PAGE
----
Title insurance works like a standard insurance policy. It protects against future discoveries about a property, some title-related and some non-title-related. It is a form of indemnity insurance for a mortgaged property that covers the loss of an interest in a property due to discovered legal defects.
As an insurance product, title insurance doesn’t “fix” problems. It provides insurance coverage for them. In other words, the title insurer has no obligation to do anything until a problem actually arises. When a problem does arise, the insurer can pay damages or actually fix the problem.
It sounds complicated, but it’s simple when you boil it down.
Title insurance operates on a no-fault basis. No-fault insurance is when the insurance company indemnifies the policy holder for losses, regardless of fault in the incident.
Sydney owns a residential property with clear title. His title shows no mortgage. Arnie applies for a mortgage on Sydney’s property by pretending to be Sydney. Arnie forges Sydney’s signature on the mortgage documents and the lender registers the mortgage on title. Arnie receives the mortgage funds and immediately leaves town. Sydney now has a mortgage showing against his property. If Sydney has title insurance, it may cover any loss or damage from the fraud or forgery, including the costs to defend Sydney’s interest in the property.
After moving into an existing home, Max receives a notice from the municipality requiring him to obtain a building permit for a family room addition the previous owner built without a permit. Max hires a contractor to inspect the addition. The inspection report recommends the demolition of the addition. Title insurance may cover the cost of demolition and the loss of property value or the cost of reconstruction.
Cindy purchases her first home, which includes a large rear deck off the kitchen that the previous owners built. After moving into the property, the utility company advises Cindy that it needs to repair an underground service and will be digging along its utility right-of-way. Much to her surprise Cindy discovers that a portion of the deck is over the company’s utility right-of-way, creating an encroachment. She must remove this portion of the deck to allow the excavation that repair the underground service. An owner’s title insurance policy may cover Cindy’s cost for the removal of the encroaching structure.
Norman decides to buy a house with a large two-car garage off a back lane. Carl, the current owner, discloses that the location of the garage foundation is too close to the rear lane. This creates an encroachment on municipal property. It may be possible for the seller and the buyer to agree to title insurance to facilitate the sale. The seller would purchase the insurance for the buyer in lieu of, or in addition to, providing an RPR. The buyer may accept title insurance with the understanding that the insurer can refuse to pay the claim should the situation arise. The seller must disclose to the insurer the encroachment prior to purchasing the policy.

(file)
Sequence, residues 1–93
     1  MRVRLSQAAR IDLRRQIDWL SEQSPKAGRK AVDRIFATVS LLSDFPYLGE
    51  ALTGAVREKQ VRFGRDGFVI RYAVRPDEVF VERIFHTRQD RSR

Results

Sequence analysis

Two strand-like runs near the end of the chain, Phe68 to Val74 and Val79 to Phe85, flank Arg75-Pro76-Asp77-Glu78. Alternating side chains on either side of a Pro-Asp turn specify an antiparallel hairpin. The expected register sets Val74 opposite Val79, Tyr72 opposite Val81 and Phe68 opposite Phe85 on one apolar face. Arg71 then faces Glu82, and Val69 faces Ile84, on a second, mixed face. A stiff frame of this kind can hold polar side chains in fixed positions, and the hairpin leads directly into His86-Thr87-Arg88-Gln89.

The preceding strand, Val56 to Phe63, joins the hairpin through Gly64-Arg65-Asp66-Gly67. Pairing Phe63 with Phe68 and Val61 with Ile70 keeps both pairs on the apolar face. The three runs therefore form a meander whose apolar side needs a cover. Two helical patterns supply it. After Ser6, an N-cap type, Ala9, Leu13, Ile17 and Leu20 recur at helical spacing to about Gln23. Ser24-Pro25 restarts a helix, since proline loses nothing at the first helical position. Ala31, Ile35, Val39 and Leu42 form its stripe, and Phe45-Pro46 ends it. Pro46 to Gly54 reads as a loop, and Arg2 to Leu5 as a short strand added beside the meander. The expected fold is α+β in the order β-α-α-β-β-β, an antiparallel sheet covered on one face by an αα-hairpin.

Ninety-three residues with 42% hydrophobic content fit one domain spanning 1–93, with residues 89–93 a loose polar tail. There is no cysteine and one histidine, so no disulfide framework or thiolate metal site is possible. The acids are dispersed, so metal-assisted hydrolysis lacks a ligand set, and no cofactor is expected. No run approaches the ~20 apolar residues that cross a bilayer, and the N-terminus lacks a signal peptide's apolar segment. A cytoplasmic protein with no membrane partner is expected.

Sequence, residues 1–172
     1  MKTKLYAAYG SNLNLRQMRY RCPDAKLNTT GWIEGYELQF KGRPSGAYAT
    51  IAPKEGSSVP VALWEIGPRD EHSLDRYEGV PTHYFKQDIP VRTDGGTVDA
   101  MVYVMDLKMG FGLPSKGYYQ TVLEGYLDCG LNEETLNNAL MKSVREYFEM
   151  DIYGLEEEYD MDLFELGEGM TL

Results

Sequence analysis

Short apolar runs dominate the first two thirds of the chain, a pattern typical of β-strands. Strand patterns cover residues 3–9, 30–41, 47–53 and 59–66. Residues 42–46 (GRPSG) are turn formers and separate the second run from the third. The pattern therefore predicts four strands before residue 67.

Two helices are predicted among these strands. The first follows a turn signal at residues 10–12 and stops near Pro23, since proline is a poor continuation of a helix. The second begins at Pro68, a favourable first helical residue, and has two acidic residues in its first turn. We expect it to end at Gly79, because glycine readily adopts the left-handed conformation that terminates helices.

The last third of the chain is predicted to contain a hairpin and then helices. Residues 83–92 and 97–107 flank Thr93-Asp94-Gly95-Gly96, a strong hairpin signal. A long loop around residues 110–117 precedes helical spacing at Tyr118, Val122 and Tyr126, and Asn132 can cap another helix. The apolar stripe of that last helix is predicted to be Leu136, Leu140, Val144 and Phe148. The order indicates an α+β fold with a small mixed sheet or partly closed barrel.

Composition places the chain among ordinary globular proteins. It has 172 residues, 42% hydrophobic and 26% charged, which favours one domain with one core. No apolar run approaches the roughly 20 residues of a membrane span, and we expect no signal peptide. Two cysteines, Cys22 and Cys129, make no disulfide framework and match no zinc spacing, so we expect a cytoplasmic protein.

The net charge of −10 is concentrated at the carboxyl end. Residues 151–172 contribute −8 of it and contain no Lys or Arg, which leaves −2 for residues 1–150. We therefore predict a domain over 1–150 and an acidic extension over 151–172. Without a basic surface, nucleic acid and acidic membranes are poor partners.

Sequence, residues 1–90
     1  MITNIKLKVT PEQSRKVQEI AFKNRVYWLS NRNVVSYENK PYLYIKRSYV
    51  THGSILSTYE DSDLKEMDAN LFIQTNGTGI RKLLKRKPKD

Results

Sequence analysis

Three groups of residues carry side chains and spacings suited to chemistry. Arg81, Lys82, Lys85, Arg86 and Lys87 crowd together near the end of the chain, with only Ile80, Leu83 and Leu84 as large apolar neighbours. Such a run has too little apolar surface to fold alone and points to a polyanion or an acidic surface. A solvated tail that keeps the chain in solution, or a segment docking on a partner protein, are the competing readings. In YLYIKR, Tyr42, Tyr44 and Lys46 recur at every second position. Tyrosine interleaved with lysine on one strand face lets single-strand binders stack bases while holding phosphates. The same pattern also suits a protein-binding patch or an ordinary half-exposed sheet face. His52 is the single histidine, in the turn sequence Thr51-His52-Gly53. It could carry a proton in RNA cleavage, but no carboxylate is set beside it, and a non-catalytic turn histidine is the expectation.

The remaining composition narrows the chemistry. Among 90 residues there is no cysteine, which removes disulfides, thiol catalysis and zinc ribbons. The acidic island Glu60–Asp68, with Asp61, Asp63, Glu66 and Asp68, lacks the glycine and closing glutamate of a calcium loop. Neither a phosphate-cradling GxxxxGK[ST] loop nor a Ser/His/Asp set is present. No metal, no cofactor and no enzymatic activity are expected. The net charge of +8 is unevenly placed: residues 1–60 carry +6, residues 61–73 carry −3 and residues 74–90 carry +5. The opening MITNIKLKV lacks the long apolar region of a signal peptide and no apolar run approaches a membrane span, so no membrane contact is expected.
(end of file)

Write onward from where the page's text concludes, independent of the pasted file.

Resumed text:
This is a policy where either the buyer or seller may pay the insurance premiums to protect the buyer’s equity in the property. This title insurance may provide coverage for title and some non-title issues. The purchaser of the insurance must disclose any known issues or defects regarding the property’s title or non-title items to the insurer prior to purchasing a policy. If you’re considering buying title insurance, make sure you know the covered risks, as well as the limitations and exclusions to coverage.
The borrower usually pays for lender’s title insurance even though it is for the sole benefit of the mortgage lender. This type of title insurance gives protection to the lender with respect to the priority, validity and enforce-ability of the mortgage. If your lender requires a title insurance policy as part of the transaction, that policy is for the benefit of the lender and will not cover you as the buyer.
No. An RPR is a legal document an Alberta Land Surveyor prepares that clearly illustrates the boundaries of a property and the location of improvements, such as buildings, garages, sheds, and fences, relative to property boundaries. An RPR with a stamp of municipal compliance shows a home buyer what he or she is buying and that it complies with municipal regulations. Title insurance is an insurance policy that protects against certain unknowns. Though they are not the same, both can provide some protection for a buyer.
Comparing title insurance and Real Property Reports
Real Property Reports
|Not required in Alberta||Standard residential purchase contract in Alberta requires the seller or the seller’s lawyer to give an RPR to the buyer or buyer’s lawyer|
|Is an insurance product that cannot fix problems, but rather gives financial protection if problems arise in the future||Provides information about property compliance issues up front, so issues can be dealt with before closing (an RPR with a stamp of municipal compliance is critical protection for all parties in a real estate transaction)|
|May cover internal non-compliance issues that do not show on an RPR (such as a lack of building permits or failure to meet building code on renovations) and may cover hidden deficiencies (such as underground storage tanks)||Does not provide any insurance coverage/financial protection – the goal is to avoid problems arising later by having an RPR with a stamp of municipal compliance|